Women's Nutrition

Guide for women to healthy nutrition and nutritious eating.

Women's bodies are different. Because of this, a woman's nutritional needs may be different than that of the rest of the family. To achieve optimum health you should:

· eat a variety of foods

· maintain healthy weight

· choose a diet low in fat, saturated fat, and cholesterol

· choose a diet with plenty of vegetables, fruits, and grain products

· use sugar and salt/sodium only in moderation

· drink alcoholic beverages in moderation.

There are several vitamins and minerals essential to a healthy diet. A well-balanced diet will usually meet women's allowances for them. However, for good health, women need to pay special attention to two minerals, calcium and iron.

Both women and men need enough calcium to build peak (maximum) bone mass during their early years of life. Low calcium intake appears to be one important factor in the development of osteoporosis. Women have a greater risk than men of developing osteoporosis.

A condition in which progressive loss of bone mass occurs with aging, osteoporosis causes the bones to be more susceptible to fracture. If a woman has a high level of bone mass when her skeleton matures, this may modify her risk of developing osteoporosis.

The recommended dietary allowance (RDA) for calcium for woman 19 to 24 is 1,200 milligrams per day. For women 25 and older, the allowance drops to 800 milligrams, but that is still a significant amount, says Stephenson. "The need for good dietary sources of calcium continues throughout life," she says.

In addition to dairy foods, other good sources of calcium include salmon, tofu (soybean curd), certain vegetables (for example, broccoli), legumes (peas and beans), calcium-enriched grain products, lime-processed tortillas, seeds, and nuts.



For women, the RDA for iron is 15 milligrams per day, 5 milligrams more than the RDA for men. Women need more of this mineral because they lose an average of 15 to 20 milligrams of iron each month during menstruation. Without enough iron, iron deficiency anemia can develop and cause symptoms that include pallor, fatigue and headaches.

After menopause, body iron stores generally begin to increase. Therefore, iron deficiency in women over 50 may indicate blood loss from another source, and should be checked by a physician.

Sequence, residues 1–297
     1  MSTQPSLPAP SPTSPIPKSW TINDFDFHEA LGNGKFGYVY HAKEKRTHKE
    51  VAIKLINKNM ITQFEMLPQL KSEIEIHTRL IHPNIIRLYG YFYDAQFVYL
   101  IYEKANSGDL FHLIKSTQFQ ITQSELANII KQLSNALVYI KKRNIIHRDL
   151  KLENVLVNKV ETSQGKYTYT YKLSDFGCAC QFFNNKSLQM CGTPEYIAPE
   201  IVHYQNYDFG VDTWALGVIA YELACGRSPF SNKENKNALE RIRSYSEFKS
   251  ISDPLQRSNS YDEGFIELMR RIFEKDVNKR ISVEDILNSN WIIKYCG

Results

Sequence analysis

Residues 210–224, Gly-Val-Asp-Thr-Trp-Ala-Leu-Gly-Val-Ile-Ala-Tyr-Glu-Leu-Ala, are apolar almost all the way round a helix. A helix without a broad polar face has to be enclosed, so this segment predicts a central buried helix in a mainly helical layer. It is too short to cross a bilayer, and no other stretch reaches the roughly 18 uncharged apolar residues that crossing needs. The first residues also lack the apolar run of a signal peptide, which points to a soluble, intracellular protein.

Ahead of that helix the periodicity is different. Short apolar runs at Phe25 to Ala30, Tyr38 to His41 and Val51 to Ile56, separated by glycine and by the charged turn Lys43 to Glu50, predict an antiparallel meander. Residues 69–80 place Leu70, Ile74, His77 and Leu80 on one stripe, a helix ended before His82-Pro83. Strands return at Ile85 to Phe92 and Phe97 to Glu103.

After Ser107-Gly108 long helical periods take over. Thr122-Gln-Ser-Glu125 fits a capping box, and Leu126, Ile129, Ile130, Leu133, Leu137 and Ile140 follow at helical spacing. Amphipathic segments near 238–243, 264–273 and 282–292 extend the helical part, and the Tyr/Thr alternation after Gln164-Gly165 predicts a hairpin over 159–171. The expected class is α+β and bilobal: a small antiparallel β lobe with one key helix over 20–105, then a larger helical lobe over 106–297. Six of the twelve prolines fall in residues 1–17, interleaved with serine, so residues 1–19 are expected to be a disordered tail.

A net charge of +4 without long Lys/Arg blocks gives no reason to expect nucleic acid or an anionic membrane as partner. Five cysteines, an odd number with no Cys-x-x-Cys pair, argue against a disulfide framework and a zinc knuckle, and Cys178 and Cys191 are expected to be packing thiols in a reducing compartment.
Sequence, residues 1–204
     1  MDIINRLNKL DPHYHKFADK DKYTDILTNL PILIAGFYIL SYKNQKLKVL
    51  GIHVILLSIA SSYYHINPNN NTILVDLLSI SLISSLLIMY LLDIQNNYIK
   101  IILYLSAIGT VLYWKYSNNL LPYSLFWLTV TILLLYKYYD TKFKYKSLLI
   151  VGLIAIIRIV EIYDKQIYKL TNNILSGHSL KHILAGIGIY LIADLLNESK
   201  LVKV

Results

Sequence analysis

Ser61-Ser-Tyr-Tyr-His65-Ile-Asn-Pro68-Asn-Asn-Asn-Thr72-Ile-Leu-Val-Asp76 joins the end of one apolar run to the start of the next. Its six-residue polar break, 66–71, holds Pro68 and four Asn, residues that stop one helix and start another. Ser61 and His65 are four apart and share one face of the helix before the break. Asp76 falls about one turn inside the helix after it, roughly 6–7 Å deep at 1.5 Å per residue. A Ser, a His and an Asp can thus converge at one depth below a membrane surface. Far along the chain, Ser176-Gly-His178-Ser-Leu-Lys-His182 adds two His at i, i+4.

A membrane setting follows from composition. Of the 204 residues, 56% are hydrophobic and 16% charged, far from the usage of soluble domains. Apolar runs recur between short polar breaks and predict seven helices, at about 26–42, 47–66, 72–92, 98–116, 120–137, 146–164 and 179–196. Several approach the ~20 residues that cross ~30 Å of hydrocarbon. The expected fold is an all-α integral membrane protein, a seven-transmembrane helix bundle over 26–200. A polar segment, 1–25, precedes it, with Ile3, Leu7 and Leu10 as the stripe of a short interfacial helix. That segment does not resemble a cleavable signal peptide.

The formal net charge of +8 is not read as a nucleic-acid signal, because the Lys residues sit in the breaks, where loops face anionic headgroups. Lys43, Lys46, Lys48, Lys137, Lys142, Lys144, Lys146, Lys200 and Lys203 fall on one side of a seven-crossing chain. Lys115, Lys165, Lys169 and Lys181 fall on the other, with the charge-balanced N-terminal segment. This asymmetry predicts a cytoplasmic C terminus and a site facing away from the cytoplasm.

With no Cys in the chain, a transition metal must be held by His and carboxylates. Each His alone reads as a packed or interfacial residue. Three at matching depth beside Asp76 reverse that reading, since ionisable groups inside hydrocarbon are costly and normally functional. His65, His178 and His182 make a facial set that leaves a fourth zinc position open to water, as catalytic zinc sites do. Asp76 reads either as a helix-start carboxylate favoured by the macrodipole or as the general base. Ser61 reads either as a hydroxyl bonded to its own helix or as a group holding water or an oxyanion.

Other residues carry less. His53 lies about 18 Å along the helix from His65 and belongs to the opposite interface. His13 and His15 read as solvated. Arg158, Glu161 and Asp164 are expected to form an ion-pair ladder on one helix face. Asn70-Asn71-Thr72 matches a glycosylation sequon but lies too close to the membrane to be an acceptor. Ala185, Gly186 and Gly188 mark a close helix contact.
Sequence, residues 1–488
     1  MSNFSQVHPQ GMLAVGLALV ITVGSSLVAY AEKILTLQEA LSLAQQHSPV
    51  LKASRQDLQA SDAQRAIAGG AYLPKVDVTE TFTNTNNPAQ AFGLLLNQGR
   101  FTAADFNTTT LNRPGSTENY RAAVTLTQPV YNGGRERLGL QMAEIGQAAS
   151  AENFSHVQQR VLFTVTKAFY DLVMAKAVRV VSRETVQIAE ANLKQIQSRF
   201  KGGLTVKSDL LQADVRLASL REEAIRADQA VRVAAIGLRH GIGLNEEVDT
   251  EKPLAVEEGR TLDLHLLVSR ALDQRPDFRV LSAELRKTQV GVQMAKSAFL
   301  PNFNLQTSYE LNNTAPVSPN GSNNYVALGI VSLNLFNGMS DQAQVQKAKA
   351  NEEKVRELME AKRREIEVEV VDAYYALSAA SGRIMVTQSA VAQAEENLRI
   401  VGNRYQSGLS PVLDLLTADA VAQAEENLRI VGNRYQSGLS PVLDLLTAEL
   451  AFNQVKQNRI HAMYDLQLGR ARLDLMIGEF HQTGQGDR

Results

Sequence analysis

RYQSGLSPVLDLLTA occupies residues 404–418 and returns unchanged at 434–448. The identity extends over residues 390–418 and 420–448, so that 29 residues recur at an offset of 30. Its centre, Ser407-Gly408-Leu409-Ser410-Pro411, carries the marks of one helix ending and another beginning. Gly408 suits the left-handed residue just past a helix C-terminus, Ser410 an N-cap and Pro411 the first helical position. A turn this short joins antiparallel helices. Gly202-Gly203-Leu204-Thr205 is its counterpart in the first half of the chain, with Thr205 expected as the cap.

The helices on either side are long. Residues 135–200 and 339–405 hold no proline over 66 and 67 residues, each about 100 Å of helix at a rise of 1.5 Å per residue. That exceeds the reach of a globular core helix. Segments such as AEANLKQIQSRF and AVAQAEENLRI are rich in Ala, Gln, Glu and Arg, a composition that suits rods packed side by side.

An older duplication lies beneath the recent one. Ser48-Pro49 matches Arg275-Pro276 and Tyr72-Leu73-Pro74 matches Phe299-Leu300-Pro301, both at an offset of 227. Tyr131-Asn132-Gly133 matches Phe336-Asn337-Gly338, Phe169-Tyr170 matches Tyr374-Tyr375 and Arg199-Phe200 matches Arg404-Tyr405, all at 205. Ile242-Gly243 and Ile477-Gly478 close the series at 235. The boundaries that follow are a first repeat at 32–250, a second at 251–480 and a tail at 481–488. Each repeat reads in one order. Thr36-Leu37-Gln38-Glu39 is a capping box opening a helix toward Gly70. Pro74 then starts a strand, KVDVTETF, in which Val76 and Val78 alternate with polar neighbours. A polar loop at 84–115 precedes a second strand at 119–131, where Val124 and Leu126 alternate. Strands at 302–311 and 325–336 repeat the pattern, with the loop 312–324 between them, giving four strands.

Animal products--meat, fish and poultry--are good and important sources of iron. In addition, the type of iron, known as heme iron, in these foods is well absorbed in the human intestine.

Dietary iron from plant sources, called non-heme, are found in peas and beans, spinach and other green leafy vegetables, potatoes, and whole-grain and iron-fortified cereal products. Although non-heme iron is not as well absorbed as heme iron, the amount of non-heme iron absorbed from a meal is influenced by other constituents in the diet. The addition of even relatively small amounts of meat or foods containing vitamin C substantially increases the total amount of iron absorbed from the entire meal.

Women tend to have higher levels than men of a desirable type of cholesterol called HDLs (high-density lipoproteins) until menopause, leading some researchers to believe there is a link between HDLs and estrogen levels. But this doesn't let women off the hook--a diet high in saturated fat and cholesterol can still mean trouble.

For both women and men, blood cholesterol levels of below 200 milligrams are desirable. Levels between 200 and 239 milligrams are considered borderline, and anything over 240 milligrams is high. High levels of blood cholesterol increase the risk of coronary heart disease.

To keep levels in the good range, the National Cholesterol Education Program of the National Heart, Lung, and Blood Institute recommends eating no more than 300 milligrams of cholesterol a day. Cholesterol is found only in food from animal sources, such as egg yolks, dairy products, meat, poultry, shellfish, and--in smaller amounts--fish and some processed products containing animal foods.

Eating foods with plenty of complex carbohydrates and fiber (vegetables, fruits, and grain products) is part of a healthy diet for several reasons. A fiber-rich diet is helpful in the management of constipation and may be related to lower rates of colon cancer. These types of foods are generally low in fat and can be substitutes for fatty foods.

Fiber comes in two forms--insoluble and soluble. Insoluble fiber, mostly found in whole-grain products, vegetables and fruit, provides bulk for stool formation and helps move wastes more quickly through the colon. Another benefit is the full feeling fiber may create in the stomach, a possible deterrent to overeating.

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